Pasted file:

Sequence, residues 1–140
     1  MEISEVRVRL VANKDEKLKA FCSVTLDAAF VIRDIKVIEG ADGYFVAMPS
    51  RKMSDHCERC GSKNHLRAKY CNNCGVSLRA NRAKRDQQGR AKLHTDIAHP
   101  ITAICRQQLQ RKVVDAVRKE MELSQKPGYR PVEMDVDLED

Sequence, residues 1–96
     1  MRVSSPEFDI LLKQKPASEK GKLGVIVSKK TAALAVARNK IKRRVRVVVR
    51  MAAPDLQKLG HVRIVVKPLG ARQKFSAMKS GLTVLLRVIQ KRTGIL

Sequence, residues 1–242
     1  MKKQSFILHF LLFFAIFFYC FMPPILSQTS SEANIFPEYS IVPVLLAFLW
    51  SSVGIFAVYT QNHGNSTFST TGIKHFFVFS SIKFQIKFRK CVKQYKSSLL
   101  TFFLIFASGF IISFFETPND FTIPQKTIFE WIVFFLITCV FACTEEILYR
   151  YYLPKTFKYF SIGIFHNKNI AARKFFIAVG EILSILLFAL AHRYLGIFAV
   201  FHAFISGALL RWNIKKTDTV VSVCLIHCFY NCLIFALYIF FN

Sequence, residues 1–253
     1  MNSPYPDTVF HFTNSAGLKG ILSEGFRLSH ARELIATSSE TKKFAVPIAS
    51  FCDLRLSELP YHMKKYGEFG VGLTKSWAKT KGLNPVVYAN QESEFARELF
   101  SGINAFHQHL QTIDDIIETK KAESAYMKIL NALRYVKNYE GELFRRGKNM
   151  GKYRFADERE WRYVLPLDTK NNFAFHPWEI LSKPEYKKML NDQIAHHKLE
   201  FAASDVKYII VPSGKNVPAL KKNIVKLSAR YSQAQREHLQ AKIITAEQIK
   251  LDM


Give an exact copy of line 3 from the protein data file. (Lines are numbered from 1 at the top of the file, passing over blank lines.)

    51  RKMSDHCERC GSKNHLRAKY CNNCGVSLRA NRAKRDQQGR AKLHTDIAHP